• When cleaning out your closet, throw away everything you can't wear anymore (because it's too big/too small/worn out/torn/uncleanable/looks bad on you etc.). If a pair of pants can be taken in a bit, take them to the seamstress to get fixed the same day, or the next at the latest. If they really can't be saved, then I just "throw them" away immediately. There's no need to keep things that are too small for us, that we have outgrown and that we may want to wear again in some distant future. These things keep us stuck in our past in which we were thinner, going through a phase and so on. There's not need to go back. It's better to look towards the future. Also, don't forget to throw away worn out, old underwear and odd socks.
  • If I don't see a use for it, I throw it out! I always get rid of things that I once got as a present/bought and never used (or used/wore once and weren't satisfied with) and for which I simply don't see a use anymore. They can be appliances, books, clothes/shoes, decorations etc.
  • Thoroughly go through papers! I always throw out old pieces of paper, newspapers, magazines, stacked up receipts, deposit slips and the like. This is an incredibly tiring task because you need to go through so many papers in detail. Papers, old notebooks, magazines and similar things end up in the recycling bin without too many questions being asked. However, receipts and similar more important documents need more detailed examination. I personally throw away receipts for things that I cannot return any longer, for things that are no longer under warranty and for those that I am satisfied with and don't plan on returning. After this, I throw about all the receipts/deposit slips etc. that are more than a year old. Once I have sorted these papers into two piles ("to throw out" and "to keep"), I neatly put away those which I need to keep in files, registrators or using some other filing system. I also develop an organizing system for these papers. Usually, I categorize them by the domain/obligation they are connected to, such as "bank", "school", "business", "bills" etc. and further file them by date.
  • Decorations, or useless kitsch? I like to throw away old decorations and other impractical objects that don't remind me of anything in particular and which I keep "just for the sake of keeping". These objects just end up collecting dust on your shelves and suffocate your home.
  • Don't forget your bathroom and medicine cabinets! I always have a detailed look at the cabinets and shelves in my bathroom and throw away all medicine that is past its expiration date (they really do present a health threat!).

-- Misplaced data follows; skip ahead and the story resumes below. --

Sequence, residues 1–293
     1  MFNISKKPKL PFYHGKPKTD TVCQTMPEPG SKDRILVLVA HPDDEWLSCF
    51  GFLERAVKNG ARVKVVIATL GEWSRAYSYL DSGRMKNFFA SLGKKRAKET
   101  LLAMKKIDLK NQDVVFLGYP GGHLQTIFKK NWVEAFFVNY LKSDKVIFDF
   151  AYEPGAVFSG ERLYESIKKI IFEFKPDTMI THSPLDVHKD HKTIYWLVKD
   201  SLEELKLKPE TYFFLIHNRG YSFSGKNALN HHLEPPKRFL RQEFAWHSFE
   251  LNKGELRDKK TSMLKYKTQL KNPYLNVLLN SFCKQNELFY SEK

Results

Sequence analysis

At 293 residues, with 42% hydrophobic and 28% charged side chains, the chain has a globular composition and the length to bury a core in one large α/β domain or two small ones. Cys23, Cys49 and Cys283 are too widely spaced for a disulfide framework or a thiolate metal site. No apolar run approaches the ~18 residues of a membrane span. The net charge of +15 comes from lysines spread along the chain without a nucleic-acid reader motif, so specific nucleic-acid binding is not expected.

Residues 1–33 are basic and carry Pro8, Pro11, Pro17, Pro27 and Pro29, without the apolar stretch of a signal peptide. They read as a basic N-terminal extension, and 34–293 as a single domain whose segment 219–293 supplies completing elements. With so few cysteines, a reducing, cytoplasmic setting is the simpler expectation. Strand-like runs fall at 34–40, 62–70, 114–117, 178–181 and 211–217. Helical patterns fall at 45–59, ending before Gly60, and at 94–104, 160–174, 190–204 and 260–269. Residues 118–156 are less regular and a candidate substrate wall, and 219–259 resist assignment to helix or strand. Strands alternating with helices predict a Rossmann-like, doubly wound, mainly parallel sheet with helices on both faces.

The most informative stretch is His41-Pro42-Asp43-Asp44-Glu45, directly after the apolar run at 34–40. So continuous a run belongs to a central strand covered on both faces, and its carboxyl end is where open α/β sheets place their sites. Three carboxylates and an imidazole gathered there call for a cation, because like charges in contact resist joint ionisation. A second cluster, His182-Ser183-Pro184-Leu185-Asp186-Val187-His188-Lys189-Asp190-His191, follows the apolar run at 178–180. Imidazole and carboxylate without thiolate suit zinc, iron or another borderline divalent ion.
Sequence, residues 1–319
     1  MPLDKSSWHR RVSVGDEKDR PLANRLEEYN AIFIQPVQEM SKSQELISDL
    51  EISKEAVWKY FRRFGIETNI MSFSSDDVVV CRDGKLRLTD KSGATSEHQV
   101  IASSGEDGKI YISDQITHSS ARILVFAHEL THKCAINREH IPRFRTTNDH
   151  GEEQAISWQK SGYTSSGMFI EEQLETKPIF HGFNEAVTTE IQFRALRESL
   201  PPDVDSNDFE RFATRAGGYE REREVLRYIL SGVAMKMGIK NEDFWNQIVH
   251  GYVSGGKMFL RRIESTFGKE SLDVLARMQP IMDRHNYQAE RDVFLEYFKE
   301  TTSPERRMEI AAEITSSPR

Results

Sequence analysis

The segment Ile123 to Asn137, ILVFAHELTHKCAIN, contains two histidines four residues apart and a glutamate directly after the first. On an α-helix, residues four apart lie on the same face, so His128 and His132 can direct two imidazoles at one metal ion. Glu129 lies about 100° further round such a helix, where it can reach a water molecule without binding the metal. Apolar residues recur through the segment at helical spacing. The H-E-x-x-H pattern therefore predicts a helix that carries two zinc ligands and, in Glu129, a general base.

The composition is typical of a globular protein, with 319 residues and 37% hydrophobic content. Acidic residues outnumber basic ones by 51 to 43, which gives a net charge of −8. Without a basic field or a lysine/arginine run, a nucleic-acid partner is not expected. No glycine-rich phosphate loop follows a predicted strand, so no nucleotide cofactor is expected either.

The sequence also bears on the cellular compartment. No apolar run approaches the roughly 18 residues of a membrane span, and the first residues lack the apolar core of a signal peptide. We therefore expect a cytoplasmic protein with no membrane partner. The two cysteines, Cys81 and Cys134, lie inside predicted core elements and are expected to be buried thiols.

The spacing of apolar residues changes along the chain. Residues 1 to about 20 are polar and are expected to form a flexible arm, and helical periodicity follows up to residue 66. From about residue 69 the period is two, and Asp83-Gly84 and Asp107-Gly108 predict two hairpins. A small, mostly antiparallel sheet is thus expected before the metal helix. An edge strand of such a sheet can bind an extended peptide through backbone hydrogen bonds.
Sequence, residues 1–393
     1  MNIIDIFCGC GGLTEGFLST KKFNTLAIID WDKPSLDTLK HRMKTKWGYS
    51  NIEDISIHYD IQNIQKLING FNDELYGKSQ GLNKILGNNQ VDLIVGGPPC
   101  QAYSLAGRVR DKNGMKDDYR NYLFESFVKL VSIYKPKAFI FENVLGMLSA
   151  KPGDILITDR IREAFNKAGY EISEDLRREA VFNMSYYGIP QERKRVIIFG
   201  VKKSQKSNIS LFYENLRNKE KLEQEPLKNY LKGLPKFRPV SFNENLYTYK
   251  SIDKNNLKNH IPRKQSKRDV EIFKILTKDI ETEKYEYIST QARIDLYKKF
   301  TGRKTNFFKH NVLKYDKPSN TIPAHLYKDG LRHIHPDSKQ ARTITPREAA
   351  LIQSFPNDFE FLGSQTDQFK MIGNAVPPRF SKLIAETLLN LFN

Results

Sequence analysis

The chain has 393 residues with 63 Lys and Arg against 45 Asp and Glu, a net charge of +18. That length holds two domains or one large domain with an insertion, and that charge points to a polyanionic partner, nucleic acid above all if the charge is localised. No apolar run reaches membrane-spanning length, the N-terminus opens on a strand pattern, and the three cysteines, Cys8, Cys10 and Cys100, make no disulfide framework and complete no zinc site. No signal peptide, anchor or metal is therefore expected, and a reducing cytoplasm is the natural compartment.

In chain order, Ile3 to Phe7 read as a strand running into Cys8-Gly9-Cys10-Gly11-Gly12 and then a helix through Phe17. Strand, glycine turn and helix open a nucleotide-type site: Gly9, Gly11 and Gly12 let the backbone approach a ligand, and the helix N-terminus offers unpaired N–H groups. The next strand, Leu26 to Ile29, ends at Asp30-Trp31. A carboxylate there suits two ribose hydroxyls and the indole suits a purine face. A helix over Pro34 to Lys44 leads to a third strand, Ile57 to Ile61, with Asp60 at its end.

• Piled up cosmetics are always a problem. This is why I go through my cosmetics and throw away anything that cannot be used any more (because it's just gotten old, too hard, too watered down, past its expiration date etc.). By the way, when I say "cosmetics", I'm not only referring to lipstick, eye shadows etc., but also to creams and any other skin-related products you might have.
  • Check your jacket pockets and bag (or bags as the case may be for most women). Completely empty them out, vacuum them if necessary and throw away everything that has piled up in them and that you don't need anymore. You would be surprised at what you can find there; from money, to stray bits of paper, old tissues, forgotten cosmetics and so on.
  • Take care of your computer! Junk can pile up in the virtual world as well. Regularly cleaning your computer is always the best option (the same applies to real life), but theory is one thing and practice entirely another. When I clean my computer, I use the following programs: CCleaner, AVG antivirus and Defraggler. Research what these programs do; you'll be able to figure out which ones you will find useful. It's also a good idea to delete any duplicate documents or those that you really don't need anymore and make a backup on an external hard drive, or online (for example, using Google Drive or a similar application).
  • You can't forget about the big things such as cleaning your curtains (this is best done once or twice a year because your  home instantly smells and looks more airy), cleaning your windows (which is extremely tiring but equally necessary as cleaning curtains), cleaning your car (you can put aside some extra money for deep cleaning and vacuuming your car once a year), cleaning your pillow cases (yes, I'm talking about the ones on your couch!) and so on.
The small changes that I also like to make in this period simply because they make my home feel more clean are the following: changing the sponge, changing all the bed sheets, throwing away my old tooth brush, neatly folding plastic bags (we keep them all in a drawer because they always come in handy), changing the vacuum filter, throwing away all pens that don't work anymore (yes, this means you have to check them one by one), cleaning the keyboard (dust and grease get between the keys) and the list can go on indefinitely.

Of course, we cannot forget about ourselves at the end of the day. There's nothing better than a relaxing shower/bath after a strenuous day of cleaning, followed by a healthy, tasty meal and a restful night's sleep.

Surely, the above list is realistically much too long. It's good to do all of these things, but it's of course impossible to do it all in one day. The period of (pre-) spring cleaning can last a long time depending on how much needs to be cleaned any how much we ourselves are ready to clean at that particular time. This is why the process can begin on January 31 and can slowly be carried out until Ostara.

However, cleaning the external is the easiest part. Spiritual and emotional cleaning, which can be begun at the Imbolc ritual, takes much longer. Some of us may already know what they want to get rid of, while others may decide to seize the opportunity to gain insight into this. But, even when we become aware of what exactly we want to get rid of, it's sometimes not enough to just know the bare fact. Sometimes we have to go deeper and look into its roots. If we are dealing with emotions, patterns of behavior or bad habits, we may only get rid of the symptom by discarding this one "fact" (emotion/pattern/habit), but perhaps not its cause as well. This is when real individual growth and spiritual development begin.

With this post, I would like to prompt you to work on yourselves, to improve the quality of your lives and personalities and to explain in what ways the Pagan Sabbats can be practically incorporated into everyday life. In hopes that you will apply some of my suggestions, or perhaps question them and in doing so find a different path that will better suit you, I wish you all the best and send you my Imbolc blessings!

Yours truly,
Witch's Cat